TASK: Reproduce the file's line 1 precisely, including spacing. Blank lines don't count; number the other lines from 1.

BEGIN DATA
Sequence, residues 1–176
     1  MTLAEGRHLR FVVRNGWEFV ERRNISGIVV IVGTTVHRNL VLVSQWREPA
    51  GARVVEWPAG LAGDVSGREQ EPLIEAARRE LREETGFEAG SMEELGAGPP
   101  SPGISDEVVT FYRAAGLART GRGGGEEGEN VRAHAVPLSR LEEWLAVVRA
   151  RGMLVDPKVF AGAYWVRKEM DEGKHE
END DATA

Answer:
Sequence, residues 1–176